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Title: An investigation into Cdc28 phosphorylation of Ipl1 and the role of Haspin-like kinases in yeast cell cycle control
Author: Corbishley, Stephen J.
Awarding Body: University of Dundee
Current Institution: University of Dundee
Date of Award: 2013
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The chromosomal passenger complex (CPC) is a conserved, essential protein complex in eukaryotes, consisting of Ipl1/Aurora B kinase and three regulatory subunits: Sli15/INCENP, Bir1/Survivin and Nbl1/Borealin. The CPC has numerous cell cycle roles, the best characterised of which is the regulation of kinetochore-microtubule attachments during metaphase to promote chromosome bi-orientation on the mitotic spindle. To efficiently perform these functions, the CPC must be properly regulated and localised. The original defining characteristic of 'chromosomal passenger' proteins was their dynamic localisation: associated with chromatin and centromeres during early mitosis followed by translocation to the spindle midzone during anaphase. However, exactly how the CPC is properly localised and regulated is not fully understood. Recent studies demonstrated that phosphorylation of the CPC regulatory subunits by cyclin-dependent kinase (CDK) regulates localisation of the complex. For example, in budding yeast and human cells the dephosphorylation of CDKphosphorylated sites in Sli15/INCENP is required for the efficient translocation of the CPC from centromeres in metaphase to the spindle in anaphase. Many Ipl1/Aurora B homologues also contain CDK phosphorylation motifs but whether modification of these sites is required for proper CPC localisation and function is not known - here this was investigated in budding yeast. Preventing phosphorylation of CDK consensus sites in the N-terminus of Ipl1 was found to result in its premature localisation to the spindle in metaphase; this was dependent on the yeast microtubule binding EB1 homologue Bim1. However, preventing or mimicking phosphorylation at these sites had no effect on cell viability or chromosome bi-orientation. During the course of this study, several groups demonstrated that the conserved Haspin kinase in fission yeast, Xenopus and human cells contributes to CPC localisation at the centromere during metaphase by phosphorylating histone H3 on Threonine 3 (H3- T3). In light of these findings, two budding yeast Haspin kinase homologues (Alk1 and Alk2) were investigated. Although roles for Alk1 and Alk2 in histone H3 phosphorylation and CPC recruitment could not be conclusively determined, unusual phenotypes were observed in cells lacking both Alk1 and Alk2. In these cells, the spindle was frequently confined to the bud and incorrectly aligned. If these cells were arrested in metaphase, the bud became significantly larger than the mother cell. When anaphase was eventually triggered, the spindle elongated and then broke down entirely within the bud. These abnormalities were independent of histone H3-T3 phosphorylation, since mutation of H3-T3 to non-phosphorylatable alanine did not result in these phenotypes. Thus Alk1 and Alk2 share novel and redundant roles in spindle positioning, cell polarity and bud growth that are particularly important during a metaphase arrest.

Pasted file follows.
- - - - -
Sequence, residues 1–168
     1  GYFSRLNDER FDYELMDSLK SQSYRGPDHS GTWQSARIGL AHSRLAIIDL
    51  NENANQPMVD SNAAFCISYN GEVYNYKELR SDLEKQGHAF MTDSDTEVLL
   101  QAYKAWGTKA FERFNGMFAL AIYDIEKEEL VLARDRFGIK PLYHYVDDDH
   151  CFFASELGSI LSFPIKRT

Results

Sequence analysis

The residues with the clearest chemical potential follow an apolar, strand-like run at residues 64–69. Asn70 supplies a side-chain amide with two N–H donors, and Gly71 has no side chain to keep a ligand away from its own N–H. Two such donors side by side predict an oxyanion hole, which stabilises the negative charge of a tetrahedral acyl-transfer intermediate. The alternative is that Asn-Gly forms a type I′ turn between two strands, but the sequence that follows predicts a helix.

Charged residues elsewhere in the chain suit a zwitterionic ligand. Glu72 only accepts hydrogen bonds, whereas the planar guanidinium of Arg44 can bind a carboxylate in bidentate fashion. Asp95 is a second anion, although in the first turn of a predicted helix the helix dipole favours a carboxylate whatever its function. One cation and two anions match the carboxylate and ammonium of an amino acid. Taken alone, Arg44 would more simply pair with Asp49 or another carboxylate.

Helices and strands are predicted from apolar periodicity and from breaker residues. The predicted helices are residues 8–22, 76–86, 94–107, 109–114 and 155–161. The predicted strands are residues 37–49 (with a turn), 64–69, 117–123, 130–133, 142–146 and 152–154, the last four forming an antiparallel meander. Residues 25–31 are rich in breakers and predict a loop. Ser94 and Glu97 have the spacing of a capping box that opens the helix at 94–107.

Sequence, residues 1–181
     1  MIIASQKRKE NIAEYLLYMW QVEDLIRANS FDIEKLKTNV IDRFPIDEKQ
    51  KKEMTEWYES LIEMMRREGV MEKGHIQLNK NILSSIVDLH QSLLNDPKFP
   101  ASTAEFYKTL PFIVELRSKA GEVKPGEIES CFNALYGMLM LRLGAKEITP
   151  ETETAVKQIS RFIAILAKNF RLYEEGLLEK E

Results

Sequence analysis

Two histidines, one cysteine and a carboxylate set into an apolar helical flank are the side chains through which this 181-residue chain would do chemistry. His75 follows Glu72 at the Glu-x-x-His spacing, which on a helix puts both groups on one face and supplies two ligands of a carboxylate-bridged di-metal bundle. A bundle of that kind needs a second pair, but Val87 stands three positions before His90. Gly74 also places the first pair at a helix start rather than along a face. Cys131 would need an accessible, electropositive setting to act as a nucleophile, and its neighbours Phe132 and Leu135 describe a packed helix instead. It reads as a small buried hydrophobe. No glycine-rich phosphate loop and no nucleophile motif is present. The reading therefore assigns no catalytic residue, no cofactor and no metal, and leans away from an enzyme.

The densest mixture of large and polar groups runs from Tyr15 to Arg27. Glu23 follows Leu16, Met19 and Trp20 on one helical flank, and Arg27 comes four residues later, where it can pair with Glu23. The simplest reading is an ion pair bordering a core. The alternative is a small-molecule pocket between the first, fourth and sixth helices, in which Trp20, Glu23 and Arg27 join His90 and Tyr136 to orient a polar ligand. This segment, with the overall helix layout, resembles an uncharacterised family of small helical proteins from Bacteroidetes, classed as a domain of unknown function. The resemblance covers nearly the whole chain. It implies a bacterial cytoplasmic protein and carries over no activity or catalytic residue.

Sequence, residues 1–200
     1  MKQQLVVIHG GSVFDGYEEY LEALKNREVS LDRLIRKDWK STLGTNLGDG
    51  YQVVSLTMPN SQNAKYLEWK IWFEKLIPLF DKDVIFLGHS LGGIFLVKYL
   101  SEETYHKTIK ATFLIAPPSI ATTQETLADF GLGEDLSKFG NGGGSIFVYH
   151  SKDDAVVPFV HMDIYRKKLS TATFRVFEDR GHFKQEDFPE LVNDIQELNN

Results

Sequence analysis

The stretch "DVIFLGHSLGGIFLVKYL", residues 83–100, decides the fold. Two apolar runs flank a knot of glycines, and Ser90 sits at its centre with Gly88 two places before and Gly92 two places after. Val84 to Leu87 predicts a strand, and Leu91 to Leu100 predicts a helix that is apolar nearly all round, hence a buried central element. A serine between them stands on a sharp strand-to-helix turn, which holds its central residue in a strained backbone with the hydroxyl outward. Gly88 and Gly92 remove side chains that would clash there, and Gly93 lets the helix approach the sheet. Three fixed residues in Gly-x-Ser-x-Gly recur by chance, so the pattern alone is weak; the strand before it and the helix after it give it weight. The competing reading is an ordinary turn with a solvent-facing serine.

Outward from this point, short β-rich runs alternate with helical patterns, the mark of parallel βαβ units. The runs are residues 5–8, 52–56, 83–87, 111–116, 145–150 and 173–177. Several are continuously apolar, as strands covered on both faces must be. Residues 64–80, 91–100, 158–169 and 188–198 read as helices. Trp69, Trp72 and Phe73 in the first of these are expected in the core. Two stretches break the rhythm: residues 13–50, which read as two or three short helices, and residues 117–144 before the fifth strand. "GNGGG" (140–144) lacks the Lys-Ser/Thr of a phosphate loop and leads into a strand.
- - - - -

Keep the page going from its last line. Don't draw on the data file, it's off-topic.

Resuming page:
Supervisor: Stark, Michael Sponsor: Not available
Qualification Name: Thesis (Ph.D.) Qualification Level: Doctoral
EThOS ID:  DOI: Not available